By Maia Hart, Local Democracy Reporter
Marlborough's councillors have urged council staff to act after a winery failed to submit its wastewater and grape marc monitoring report.
The Marlborough District Council carried out its annual wastewater inspection during harvest 2022, which puts winery waste from cleaning floors, equipment, tanks and barrels under the microscope.
There were 38 wineries that submitted information to demonstrate their compliance. The information in this report included annual reports, wastewater and soil sample results, as well as daily wastewater volumes, discharge dates, disposal area sizes and pH records.
Records show 34 precent or 16 wineries were fully compliant, while 16 percent or 6 were "technically non-compliant" and 50 percent or 19 were "non-compliant". No wineries were "significantly non-compliant".
Meanwhile, 23 onsite inspections were completed during March and April. The winery that did not submit its paperwork did not have any onsite inspection.
Council environment protection officer Tonia Stewart told councillors at an environment and planning meeting last month that wastewater systems differed depending on the winery and the volume of grapes being processed.
Stewart said the Proposed Marlborough Environment Plan (PMEP) had restrictions in place for the discharge wastewater to protect the health of soil and groundwater below.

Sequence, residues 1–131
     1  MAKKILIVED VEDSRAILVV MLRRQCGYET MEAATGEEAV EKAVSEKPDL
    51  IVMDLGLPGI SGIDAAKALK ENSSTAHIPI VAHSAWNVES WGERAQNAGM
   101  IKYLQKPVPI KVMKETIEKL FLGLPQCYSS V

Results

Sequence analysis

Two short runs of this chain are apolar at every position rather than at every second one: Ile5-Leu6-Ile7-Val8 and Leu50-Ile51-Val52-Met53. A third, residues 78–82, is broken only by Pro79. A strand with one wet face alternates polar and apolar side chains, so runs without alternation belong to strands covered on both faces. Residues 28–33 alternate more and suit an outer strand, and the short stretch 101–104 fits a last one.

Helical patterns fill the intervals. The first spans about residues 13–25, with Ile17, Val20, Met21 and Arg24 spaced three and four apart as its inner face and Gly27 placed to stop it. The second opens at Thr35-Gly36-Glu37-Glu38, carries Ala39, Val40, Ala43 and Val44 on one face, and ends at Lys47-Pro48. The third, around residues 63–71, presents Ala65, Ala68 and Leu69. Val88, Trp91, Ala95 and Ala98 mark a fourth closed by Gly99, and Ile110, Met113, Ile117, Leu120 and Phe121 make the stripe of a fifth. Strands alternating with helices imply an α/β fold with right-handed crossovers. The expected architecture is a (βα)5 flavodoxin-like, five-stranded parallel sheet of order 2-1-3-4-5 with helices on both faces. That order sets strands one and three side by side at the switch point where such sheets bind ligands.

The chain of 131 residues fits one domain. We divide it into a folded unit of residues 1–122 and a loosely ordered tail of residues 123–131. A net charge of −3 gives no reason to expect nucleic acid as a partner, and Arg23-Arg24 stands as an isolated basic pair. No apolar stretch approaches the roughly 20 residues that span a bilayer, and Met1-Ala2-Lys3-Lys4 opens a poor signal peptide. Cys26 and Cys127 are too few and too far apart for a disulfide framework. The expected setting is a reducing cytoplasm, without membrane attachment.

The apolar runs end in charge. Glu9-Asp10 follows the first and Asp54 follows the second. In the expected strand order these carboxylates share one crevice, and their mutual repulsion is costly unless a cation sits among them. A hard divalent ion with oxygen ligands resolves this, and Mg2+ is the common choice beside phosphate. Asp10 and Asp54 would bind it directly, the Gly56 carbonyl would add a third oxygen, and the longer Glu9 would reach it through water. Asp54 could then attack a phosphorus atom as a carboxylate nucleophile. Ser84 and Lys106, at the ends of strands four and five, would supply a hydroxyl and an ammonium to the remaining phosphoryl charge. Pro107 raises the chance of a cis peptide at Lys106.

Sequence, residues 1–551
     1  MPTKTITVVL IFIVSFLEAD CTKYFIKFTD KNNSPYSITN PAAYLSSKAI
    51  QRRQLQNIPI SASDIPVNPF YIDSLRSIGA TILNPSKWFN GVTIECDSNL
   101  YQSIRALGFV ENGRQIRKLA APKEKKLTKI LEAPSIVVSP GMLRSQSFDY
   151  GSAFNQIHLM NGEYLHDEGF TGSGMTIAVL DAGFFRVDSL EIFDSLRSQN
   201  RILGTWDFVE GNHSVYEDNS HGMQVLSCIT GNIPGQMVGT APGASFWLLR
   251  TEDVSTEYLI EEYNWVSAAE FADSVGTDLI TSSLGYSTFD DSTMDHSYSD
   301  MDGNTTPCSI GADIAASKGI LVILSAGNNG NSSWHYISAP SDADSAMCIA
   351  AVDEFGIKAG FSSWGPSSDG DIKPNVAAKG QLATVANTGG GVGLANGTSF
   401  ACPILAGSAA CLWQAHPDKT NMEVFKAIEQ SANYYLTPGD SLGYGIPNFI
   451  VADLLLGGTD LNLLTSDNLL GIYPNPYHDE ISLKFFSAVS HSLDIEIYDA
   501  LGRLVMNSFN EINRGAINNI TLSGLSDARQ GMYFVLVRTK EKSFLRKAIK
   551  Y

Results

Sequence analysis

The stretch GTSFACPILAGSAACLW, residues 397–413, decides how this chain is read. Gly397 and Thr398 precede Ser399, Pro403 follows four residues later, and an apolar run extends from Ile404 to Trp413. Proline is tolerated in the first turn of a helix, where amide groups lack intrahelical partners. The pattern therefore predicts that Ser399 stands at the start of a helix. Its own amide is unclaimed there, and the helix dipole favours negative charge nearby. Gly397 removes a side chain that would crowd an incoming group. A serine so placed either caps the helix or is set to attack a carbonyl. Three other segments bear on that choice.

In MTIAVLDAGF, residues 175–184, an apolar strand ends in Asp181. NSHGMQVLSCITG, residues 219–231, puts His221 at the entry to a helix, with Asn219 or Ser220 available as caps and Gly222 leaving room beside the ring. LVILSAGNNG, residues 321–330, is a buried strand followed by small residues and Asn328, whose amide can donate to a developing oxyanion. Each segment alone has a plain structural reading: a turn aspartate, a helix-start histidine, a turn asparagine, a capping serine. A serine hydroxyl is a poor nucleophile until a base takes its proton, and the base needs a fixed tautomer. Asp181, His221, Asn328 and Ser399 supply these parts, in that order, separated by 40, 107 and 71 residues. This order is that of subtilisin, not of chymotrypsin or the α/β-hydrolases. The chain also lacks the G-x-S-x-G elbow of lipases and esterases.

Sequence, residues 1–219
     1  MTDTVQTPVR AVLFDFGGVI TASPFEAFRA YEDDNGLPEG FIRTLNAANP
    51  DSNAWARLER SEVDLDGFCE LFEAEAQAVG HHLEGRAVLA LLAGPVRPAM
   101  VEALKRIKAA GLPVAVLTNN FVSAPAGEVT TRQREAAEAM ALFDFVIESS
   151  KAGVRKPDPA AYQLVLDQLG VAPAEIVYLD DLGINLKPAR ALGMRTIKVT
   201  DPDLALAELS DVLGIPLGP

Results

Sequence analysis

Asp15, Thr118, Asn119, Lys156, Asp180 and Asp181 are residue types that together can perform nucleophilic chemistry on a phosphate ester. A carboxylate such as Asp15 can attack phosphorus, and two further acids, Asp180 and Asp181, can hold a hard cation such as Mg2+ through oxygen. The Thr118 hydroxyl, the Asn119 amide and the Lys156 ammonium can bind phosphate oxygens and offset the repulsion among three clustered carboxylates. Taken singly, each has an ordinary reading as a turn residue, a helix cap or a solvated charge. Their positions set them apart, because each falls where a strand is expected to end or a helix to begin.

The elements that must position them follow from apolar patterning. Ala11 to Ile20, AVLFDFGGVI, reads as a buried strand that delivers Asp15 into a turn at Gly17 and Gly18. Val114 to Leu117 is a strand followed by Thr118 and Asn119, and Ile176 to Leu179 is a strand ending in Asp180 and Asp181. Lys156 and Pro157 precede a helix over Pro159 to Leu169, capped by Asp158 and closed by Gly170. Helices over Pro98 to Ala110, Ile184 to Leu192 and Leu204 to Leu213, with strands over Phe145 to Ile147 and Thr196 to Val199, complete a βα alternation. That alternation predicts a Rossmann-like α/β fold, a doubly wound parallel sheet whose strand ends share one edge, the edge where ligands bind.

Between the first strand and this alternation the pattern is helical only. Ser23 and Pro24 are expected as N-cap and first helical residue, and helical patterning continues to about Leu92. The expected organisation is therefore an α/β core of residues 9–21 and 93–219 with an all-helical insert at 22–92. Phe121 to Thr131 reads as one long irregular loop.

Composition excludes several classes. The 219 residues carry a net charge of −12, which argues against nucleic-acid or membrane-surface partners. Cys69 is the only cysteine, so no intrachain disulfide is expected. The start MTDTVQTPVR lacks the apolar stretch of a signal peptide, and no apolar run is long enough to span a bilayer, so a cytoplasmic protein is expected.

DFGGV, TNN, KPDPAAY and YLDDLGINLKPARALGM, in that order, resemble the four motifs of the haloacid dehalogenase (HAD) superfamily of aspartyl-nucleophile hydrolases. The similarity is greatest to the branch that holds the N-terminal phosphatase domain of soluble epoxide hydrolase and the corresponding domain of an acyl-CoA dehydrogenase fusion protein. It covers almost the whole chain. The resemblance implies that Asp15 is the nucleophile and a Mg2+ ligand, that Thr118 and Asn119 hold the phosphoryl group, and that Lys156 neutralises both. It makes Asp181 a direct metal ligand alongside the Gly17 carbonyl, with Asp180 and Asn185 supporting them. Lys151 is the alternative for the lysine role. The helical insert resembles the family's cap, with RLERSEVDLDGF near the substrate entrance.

"The common areas of non-compliance, were the exceedance of pH, wastewater ponding ... missing sampling events, and providing late information."
A report prepared by Stewart said it was "concerning" to note the significant increase in non-compliant winery discharges, and was likely a result of winery wastewater systems and management not being sufficient to respond to the harvest size, further exacerbated by labour shortages due to Covid-19.
Marlborough harvested 77 percent of New Zealand's grapes in 2022, equivalent to 441,649 tonnes. This was a 54 percent increase on the year before.
Stewart said five non-compliant wineries had since become compliant, four under PMEP rules, and one through a new resource consent.
She said they were also in the process of setting up a working group with Wine Marlborough to help address issues with winery waste as the industry grows to "future-proof" it.
Councillor Jamie Arbuckle said it was positive to see no winery was significantly non-compliant, but asked if any of the non-compliant wineries caused any adverse environmental effects.
Stewart said if there were any real adverse effects, a winery would be considered significantly non-compliant.
"The issues that we're dealing with are ongoing ... but not really major environmental effects - it is likely reporting," she said.
"Even with the exceedence with the volumes of grapes this year, that didn't appear to have a significant affect on the wastewater."
Meanwhile, councillor Ben Minehan asked if there would be any ramifications for the winery that did not submit its paperwork.
"Thirty-eight wineries submitted their paperwork, and one didn't ... isn't that a significant non-compliance?"
Stewart said they could not say if this was the case, as they had not been to the winery during harvest.
She understood the winery might also be looking to sell.
Minehan, who was backed by councillor Gerald Hope, went on to say he would like to see that followed up.
"They need to submit their paperwork. If 38 did, and one didn't, it's not acceptable."
Councillor Jonathan Rosene agreed, and said there should be greater punitive measures taken for a winery who did not submit their paperwork.
Local Democracy Reporting is Public Interest Journalism funded through NZ On Air